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Consumer Privacy Bill Fails in Vermont

Had the bill become a law, it would have given consumers the right to sue companies that violate their privacy.

Edge Editors, Dark Reading

June 20, 2024

2 Min Read
Vermont State House, Montpelier, Vermont VT, USA. Vermont State House is Greek Revival style built in 1859.
Source: Wangkun Jia via Alamy Stock Photo

The Vermont General Assembly this week failed to override Gov. Phil Scott's veto of H.121, a bill that would have given the state one of the strongest data privacy protection laws in the US. While the Vermont House voted 128-17 to override, the state Senate voted 14 yeas to 15 nays, leaving the governor's veto standing and killing the bill.

The bill, officially named "An act relating to enhancing consumer privacy and the age-appropriate design code," notably contained a right-of-action provision that would allow consumers to sue companies that misused their sensitive data. The other half of the bill, dubbed "Kids Code," would have required online services targeted at people under 18 years old to account for privacy and to ensure that all content kids could access was appropriate for children.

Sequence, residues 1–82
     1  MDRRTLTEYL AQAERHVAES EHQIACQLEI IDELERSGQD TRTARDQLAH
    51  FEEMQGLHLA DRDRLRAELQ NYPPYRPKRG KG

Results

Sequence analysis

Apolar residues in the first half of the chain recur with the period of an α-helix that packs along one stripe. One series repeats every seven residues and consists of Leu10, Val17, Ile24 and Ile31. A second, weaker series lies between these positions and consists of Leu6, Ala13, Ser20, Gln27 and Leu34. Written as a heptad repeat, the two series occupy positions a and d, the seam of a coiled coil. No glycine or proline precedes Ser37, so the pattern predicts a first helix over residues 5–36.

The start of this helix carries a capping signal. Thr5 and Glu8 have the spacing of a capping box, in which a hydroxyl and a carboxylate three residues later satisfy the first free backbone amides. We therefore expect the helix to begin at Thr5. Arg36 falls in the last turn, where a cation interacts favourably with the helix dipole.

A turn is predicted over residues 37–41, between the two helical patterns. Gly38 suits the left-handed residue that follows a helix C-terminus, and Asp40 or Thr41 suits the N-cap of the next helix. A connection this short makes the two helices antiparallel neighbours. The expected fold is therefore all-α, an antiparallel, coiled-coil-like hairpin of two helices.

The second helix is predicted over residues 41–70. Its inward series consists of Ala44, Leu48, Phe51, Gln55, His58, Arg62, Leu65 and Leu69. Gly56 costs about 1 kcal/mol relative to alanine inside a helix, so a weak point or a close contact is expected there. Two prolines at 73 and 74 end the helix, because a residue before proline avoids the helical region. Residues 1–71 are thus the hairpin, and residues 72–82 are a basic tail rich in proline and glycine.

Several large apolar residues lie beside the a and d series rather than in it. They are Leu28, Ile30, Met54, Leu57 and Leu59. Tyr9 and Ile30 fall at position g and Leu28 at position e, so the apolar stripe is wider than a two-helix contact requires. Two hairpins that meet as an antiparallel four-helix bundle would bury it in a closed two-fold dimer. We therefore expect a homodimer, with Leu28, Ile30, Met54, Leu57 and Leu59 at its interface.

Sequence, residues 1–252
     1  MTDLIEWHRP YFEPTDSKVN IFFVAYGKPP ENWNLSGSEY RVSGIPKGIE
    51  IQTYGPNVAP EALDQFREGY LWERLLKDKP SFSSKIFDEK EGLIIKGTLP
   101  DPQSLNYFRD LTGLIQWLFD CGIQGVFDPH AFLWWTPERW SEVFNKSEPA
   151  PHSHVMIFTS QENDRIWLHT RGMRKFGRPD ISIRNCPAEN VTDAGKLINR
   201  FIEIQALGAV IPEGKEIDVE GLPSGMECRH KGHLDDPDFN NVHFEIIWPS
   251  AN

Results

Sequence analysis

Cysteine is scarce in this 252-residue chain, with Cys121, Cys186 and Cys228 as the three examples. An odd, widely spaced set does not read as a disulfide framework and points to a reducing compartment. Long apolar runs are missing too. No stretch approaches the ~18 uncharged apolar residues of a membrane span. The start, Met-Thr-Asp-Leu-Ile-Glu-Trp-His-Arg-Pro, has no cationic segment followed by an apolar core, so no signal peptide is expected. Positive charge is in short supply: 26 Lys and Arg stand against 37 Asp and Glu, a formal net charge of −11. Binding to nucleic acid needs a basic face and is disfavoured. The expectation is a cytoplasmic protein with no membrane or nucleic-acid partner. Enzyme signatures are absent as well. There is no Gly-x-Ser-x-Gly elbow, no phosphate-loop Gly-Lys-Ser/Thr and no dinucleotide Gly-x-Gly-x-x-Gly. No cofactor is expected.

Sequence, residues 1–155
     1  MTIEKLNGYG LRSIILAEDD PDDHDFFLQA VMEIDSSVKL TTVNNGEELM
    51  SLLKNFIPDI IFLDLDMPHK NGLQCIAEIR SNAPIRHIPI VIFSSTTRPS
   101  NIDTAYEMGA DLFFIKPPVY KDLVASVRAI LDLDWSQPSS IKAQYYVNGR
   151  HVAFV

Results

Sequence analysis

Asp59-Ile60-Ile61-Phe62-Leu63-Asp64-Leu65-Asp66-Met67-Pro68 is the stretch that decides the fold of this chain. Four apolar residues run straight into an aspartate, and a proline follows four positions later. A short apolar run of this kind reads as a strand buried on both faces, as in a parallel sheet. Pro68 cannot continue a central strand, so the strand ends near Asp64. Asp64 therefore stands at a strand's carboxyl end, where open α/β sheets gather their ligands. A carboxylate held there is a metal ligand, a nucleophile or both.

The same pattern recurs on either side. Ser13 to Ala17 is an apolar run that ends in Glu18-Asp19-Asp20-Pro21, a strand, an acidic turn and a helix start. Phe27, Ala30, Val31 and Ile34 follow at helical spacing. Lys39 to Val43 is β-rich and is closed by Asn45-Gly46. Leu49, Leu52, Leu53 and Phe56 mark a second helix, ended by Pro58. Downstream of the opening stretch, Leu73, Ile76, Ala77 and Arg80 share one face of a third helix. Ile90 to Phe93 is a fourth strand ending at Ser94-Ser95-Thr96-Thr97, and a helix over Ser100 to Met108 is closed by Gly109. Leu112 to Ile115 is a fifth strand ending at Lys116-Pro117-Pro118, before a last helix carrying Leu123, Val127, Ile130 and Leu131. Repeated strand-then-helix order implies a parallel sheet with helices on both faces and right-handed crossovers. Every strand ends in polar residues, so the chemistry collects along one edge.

In his June 13 letter to the General Assembly, Gov. Scott said he was vetoing the bill because the data privacy component would create a hostile business environment in the Green Mountain State. Scott also noted that the Kids Code part of the bills brought up First Amendment issues that California was already dealing with in courts. He recommended that Vermont adopt Connecticut's less litigious data privacy law to address the first half and wait for California to straighten out legal challenges to the second.

Companies might breathe a sigh of relief to avoid having to meet yet another set of data privacy requirements. If an organization conducts business in the European Union, for example, it has to comply with the General Data Protection Regulation (GDPR). As many as 19 US states have passed data privacy laws of their own, according to an industry interest group. And while federal data privacy legislation is still under development, US President Joe Biden issued an executive order at the end of February to firm up policies about how user data is handled nationally and internationally.

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Edge Editors

Dark Reading

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